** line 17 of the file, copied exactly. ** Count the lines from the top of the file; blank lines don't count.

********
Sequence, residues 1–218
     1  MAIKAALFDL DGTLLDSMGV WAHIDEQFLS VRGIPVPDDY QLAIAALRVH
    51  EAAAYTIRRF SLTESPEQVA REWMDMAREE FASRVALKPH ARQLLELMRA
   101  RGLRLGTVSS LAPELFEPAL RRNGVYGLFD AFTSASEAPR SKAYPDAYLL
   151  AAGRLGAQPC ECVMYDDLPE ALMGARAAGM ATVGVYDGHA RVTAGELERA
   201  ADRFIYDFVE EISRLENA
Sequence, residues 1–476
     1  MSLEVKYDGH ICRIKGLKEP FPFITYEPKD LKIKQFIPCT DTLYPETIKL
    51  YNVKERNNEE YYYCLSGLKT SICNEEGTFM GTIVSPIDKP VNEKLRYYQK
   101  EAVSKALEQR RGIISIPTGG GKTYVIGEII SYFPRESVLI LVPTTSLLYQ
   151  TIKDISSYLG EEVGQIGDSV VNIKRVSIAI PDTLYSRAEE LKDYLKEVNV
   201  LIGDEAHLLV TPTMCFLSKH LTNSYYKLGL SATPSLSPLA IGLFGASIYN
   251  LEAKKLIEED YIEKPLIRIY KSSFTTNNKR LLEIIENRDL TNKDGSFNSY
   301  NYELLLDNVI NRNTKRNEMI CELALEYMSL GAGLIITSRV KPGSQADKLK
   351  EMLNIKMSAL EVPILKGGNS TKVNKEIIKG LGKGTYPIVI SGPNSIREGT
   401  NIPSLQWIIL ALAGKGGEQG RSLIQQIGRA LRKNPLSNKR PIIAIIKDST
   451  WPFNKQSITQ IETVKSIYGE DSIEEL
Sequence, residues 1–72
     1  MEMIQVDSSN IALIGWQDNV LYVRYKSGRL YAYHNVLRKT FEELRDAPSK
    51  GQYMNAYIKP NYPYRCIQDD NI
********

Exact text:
   451  WPFNKQSITQ IETVKSIYGE DSIEEL